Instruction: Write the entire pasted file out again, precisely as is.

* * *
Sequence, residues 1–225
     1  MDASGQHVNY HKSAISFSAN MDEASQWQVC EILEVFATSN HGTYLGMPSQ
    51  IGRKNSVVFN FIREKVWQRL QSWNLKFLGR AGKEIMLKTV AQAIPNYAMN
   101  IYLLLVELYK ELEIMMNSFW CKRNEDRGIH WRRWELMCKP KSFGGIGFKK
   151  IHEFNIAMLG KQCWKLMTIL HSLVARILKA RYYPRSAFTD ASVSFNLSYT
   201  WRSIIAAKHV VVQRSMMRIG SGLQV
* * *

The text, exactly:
Sequence, residues 1–225
     1  MDASGQHVNY HKSAISFSAN MDEASQWQVC EILEVFATSN HGTYLGMPSQ
    51  IGRKNSVVFN FIREKVWQRL QSWNLKFLGR AGKEIMLKTV AQAIPNYAMN
   101  IYLLLVELYK ELEIMMNSFW CKRNEDRGIH WRRWELMCKP KSFGGIGFKK
   151  IHEFNIAMLG KQCWKLMTIL HSLVARILKA RYYPRSAFTD ASVSFNLSYT
   201  WRSIIAAKHV VVQRSMMRIG SGLQV